Have you considered the order you'll withdraw your retirement income? Doing so in the incorrect order could cost you hundreds of thousands of dollars.
Choosing a financial advisor is a major life decision that can determine your financial trajectory for years to come.
A 2020 Northwestern Mutual study found that 71% of U.S. adults admit their financial planning needs improvement. However, only 29% of Americans work with a financial advisor.1
The value of working with a financial advisor varies by person and advisors are legally prohibited from promising returns, but research suggests people who work with a financial advisor feel more at ease about their finances and could end up with about 15% more money to spend in retirement.2
A recent Vanguard study found that, on average, a hypothetical $500K investment would grow to over $3.4 million under the care of an advisor over 25 years, whereas the expected value from self-management would be $1.69 million, or 50% less. In other words, an advisor-managed portfolio would average 8% annualized growth over a 25-year period, compared to 5% from a self-managed portfolio.3
SmartAsset’s no-cost tool simplifies the time-consuming process of finding a financial advisor. A short questionnaire helps match you with up to three fiduciary financial advisors each, legally bound to work in your best interest. The whole process takes just a few minutes, and in many cases you can be connected instantly with an advisor for a free retirement consultation.
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The Worst Way to Withdraw From Your Retirement Accounts
Withdrawing from your investments first gives your retirement accounts more time to compound interest. If you dive straight into your 401(k) or IRA, you could cost yourself years worth of income in retirement savings.
Whether you have mutual funds, a brokerage account, ETFs, stocks or bonds, they’re all taxable, so you’ll have to pay capital gains taxes on withdrawals. Some investments also require you to pay taxes on distributions each year, like some mutual funds. Check with a fiduciary financial advisor to see if this is the case for your accounts.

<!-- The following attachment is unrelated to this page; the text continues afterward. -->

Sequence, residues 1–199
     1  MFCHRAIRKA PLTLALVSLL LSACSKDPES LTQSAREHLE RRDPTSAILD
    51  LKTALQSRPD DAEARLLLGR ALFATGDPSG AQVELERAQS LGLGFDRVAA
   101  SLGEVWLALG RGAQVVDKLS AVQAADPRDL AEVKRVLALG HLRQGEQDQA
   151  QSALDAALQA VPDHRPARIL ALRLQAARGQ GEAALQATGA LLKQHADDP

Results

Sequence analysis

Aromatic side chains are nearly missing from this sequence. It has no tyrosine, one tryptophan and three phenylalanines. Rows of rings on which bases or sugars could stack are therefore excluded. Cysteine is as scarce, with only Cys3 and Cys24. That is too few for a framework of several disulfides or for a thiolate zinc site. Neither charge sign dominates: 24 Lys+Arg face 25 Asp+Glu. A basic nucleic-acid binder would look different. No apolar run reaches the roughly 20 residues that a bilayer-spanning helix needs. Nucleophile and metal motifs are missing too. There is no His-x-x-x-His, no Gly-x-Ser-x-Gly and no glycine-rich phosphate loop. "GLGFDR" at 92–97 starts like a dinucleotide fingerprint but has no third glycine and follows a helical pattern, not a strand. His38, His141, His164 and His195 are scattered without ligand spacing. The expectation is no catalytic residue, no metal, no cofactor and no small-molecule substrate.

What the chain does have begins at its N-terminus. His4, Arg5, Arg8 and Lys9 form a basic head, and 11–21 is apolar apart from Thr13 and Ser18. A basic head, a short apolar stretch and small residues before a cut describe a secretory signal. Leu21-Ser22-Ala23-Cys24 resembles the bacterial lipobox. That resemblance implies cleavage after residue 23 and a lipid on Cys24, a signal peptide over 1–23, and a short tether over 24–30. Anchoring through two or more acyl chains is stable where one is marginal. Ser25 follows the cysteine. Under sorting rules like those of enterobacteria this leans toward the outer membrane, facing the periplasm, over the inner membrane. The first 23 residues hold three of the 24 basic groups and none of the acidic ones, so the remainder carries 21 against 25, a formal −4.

All of the financial advisors on SmartAsset’s matching platform are registered or chartered fiduciaries, who are legally bound to act in your best interest. If your advisor is not a fiduciary and constantly pushes investment products on you, use this no-cost tool to find an advisor who has your best interest in mind.
If you want your maximum Social Security benefits, you’ll need to work until your “full retirement” age. But benefits at age 62, 66 or 67 are not your maximum benefits. The maximum Social Security retirement benefit kicks in at age 70. If you claim before, you're not getting your full entitlement.
Each year after full retirement, your payout increases by a certain percentage based on specific criteria. To maximize on this strategy, we recommend holding off until you are 70 — payments will be the highest possible, increasing by 8% each year you wait.
While this strategy will help you collect the highest Social Security benefit, every situation is different. Consult a financial advisor to figure out how and when Social Security benefits should factor into your unique retirement plan.
You can start withdrawing money from your 401(k) when you turn 59 1/2, but that doesn't mean it's a good idea. The law doesn't require you to start taking Required Minimum Distributions until you turn 72, so this is time your money can keep growing with compound interest.
Put off withdrawing money from your Roth IRA as long as possible. You paid taxes up front so you can take money out of your Roth IRA and it won’t count as taxable income.
Your Roth IRA also will continue to grow tax-free as you tap into your other accounts. Since a Roth IRA holds after-tax funds and the IRS doesn’t need to tax it again, you also don’t need to take Required Minimum Distributions. This account can keep growing for as long as you don't touch it.
Determining the optimal sequence to withdraw money from your retirement accounts is different for everyone, so we recommend speaking with a financial advisor.
Voya Financial found that 79% of people who use an advisor said they “know how to pursue achieving their retirement goals.” The study also found that 59% of those who use an advisor have calculated how much they need to retire, while 52% established a formal retirement investment plan.4
Chances are, there are several highly qualified financial advisors in your town. However, it can seem daunting to choose one. Our no-cost tool makes it easy to find a qualified advisor. You can get matched with up to three fiduciary investment advisors that have been vetted and subject to our due diligence criteria. You even earn a free consultation with each of your matches, so you can compare them and be fully prepared to pick a financial advisor. The entire matching process takes just a few minutes.
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